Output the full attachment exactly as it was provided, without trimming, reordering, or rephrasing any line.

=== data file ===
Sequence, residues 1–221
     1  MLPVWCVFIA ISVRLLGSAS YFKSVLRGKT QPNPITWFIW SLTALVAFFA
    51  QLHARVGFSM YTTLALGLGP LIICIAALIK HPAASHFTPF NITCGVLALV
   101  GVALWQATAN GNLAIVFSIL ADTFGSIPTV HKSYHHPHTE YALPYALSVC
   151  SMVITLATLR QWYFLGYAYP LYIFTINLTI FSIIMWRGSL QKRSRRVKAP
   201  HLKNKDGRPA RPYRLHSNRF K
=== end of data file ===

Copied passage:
Sequence, residues 1–221
     1  MLPVWCVFIA ISVRLLGSAS YFKSVLRGKT QPNPITWFIW SLTALVAFFA
    51  QLHARVGFSM YTTLALGLGP LIICIAALIK HPAASHFTPF NITCGVLALV
   101  GVALWQATAN GNLAIVFSIL ADTFGSIPTV HKSYHHPHTE YALPYALSVC
   151  SMVITLATLR QWYFLGYAYP LYIFTINLTI FSIIMWRGSL QKRSRRVKAP
   201  HLKNKDGRPA RPYRLHSNRF K